Soccer Saturday

Both Nicholas and Thomas had games with their respective Italian soccer teams today.  Nicholas’ 1998 team had an away game at 3pm, and of course Thomas’ 1999 team had a home game at the exact same time.  So just as our life is in the United States, Maria and I divided and conquered!  She stayed with Thomas, and I went with Nicholas to the away game.

Maria’s report on Thomas’ game:

Six of Karl’s students here in Florence (Kevin, Kevin, Seth, Elena, Alison, and Deborah) all came to Thomas’ game to cheer him on.  Thomas played the entire game – he played both halfback and forward – he had a number of great chances and almost scored a couple of times.  Still looking for that first international goal in an official game!  However, the opposing team was really good.  Thomas’ team (C.S. Firenze) lost 6-1.  Ouch. 

Because we were a group of Americans cheering in English for Thomas, we stood out a little bit.  After one of the kids from the other team scored, he slid on his knees in our direction and did a little sword fight move with his arm in our direction.  Just made us yell louder for our new Italian team!  I took some video of Thomas’ game, and maybe we’ll eventually figure out how to post it.  We’ll post pictures of his next game.

Karl’s report on Thomas’ game:

Nicholas’ away game was at a nearby club – it was perhaps only about 5 kilometers away (note the European measurement).  All the boys climbed into the soccer club’s van, and I got a ride with the team’s coach.  The coaches are all referred to as “Mister,” and it is pronounced “Mee-sta.”  Nicholas’ coach is extremely nice, but he speaks ZERO English.  And I speak very little Italian, so you can imagine the stimulating conversation we had on the ride over.  We actually tried speaking a little French, as we both realized that we had studied French in high school!

Loading the boys into the van – yes, the soccer club has a travel van!  Soccer is serious business here!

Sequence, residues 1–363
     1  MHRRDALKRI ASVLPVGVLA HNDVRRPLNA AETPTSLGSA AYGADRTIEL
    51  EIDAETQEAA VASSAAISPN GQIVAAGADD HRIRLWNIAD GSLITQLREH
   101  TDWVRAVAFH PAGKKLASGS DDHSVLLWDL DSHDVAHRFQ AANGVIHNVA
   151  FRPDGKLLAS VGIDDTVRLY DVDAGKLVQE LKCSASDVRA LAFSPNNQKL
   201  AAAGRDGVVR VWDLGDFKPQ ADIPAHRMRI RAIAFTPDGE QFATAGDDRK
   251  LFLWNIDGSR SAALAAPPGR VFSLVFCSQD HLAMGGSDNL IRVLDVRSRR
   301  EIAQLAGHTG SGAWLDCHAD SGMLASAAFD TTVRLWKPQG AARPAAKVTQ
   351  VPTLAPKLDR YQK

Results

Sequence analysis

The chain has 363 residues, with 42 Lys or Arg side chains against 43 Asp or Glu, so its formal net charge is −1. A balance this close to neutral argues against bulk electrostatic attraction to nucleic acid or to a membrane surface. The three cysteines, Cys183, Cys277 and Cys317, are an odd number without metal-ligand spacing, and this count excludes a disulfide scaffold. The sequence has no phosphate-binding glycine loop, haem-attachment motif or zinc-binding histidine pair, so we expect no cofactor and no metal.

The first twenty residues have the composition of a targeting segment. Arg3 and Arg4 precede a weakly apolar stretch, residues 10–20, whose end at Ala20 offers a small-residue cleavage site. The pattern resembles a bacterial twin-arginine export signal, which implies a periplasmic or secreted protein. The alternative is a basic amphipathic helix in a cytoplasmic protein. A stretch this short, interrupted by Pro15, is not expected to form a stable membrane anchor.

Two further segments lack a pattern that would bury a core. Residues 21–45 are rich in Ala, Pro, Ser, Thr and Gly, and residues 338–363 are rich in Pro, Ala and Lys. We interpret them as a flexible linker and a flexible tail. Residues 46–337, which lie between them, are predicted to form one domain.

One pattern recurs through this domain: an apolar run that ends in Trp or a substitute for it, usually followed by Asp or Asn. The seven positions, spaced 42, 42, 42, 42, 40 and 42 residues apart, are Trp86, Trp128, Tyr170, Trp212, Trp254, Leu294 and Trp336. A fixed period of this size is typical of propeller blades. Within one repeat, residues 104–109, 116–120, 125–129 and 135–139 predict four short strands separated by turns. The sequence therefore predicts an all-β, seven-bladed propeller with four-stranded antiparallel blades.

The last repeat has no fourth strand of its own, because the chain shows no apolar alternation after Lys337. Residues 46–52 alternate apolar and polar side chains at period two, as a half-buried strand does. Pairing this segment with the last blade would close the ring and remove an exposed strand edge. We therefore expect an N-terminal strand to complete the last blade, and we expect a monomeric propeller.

Nicholas ready to go!

We arrived at the field where Nicholas’ team would be playing.  Now, it really wasn’t just a field – it was another soccer club just like our club at Club Sportivo Firenze.  All of these clubs are feeder clubs for the professional AC Fiorentina team.  You have to pay 5 Euros ($7) to enter the club – yes, you have to pay to watch your son play!  And this is common – we have to pay 3 Euros at our own club to watch a game, too!  

 

Nicholas’ coach immediately took me to the bar at this club.  Now, a bar in Italy is a coffee bar.  Except you don’t get coffee  – you get a tiny little child’s teacup-sized cup with a shot of expresso in it.  I followed the coach’s lead and put a little sugar in it.  Then I sucked it down in less than fifteen seconds.  It was really just a jolt of caffeine before the big game.  I can think of a few soccer parents back home that this would NOT be a good idea for!

The field

Nicholas’ team got warmed up and ready to play       

The teams are introduced and then they shake hands before the game

Nicholas in action

The soccer moms here in Italy.  Note the fashion.  All of the women wear high boots and typically dark jeans or dark pants.  They also smoke like crazy!  Most men wear black or brown shoes.  You only see men in sneakers when they are working out at the gym or if they are wearing a sweatsuit (like to coach a soccer team).

Oh, and you might be wondering – how did Nicholas’ team do?  They tied 1-1.  Nicholas’ team was winning 1-0, and with four minutes to go, the ref called a foul on one of Nicholas’ teammates right outside the goalie box.  (On the ride back, I understood Nicholas’ coach griping about that call!)  The opposing player ripped a shot over the defensive wall and right off the goalie’s fingertips.  It was a perfect shot.

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One Response to “Soccer Saturday”

  1. Alan Blakeman Says:

    Karl,
    Thank you for the opportunity to see Heidi, Derek and family in the first hours in Italia. It brought back memories of my US Army days. Playing soccer looks great – glad that soccer is THE sport in Europe! I still shoot baskets outside but it is getting slick and being in winter clothes does not help for “accuracy”. I have some slides of my visit to Firenze and Roma back in 1958 January. Enjoy yourselves and this looks like a great way to see things. Derek, thank you for the e-mail. Knew that you would enjoy it. By the way, you might get an idea why Montpelier has a Rialto Bridge after you see the original one spanning the Armo. /Alan B Dad

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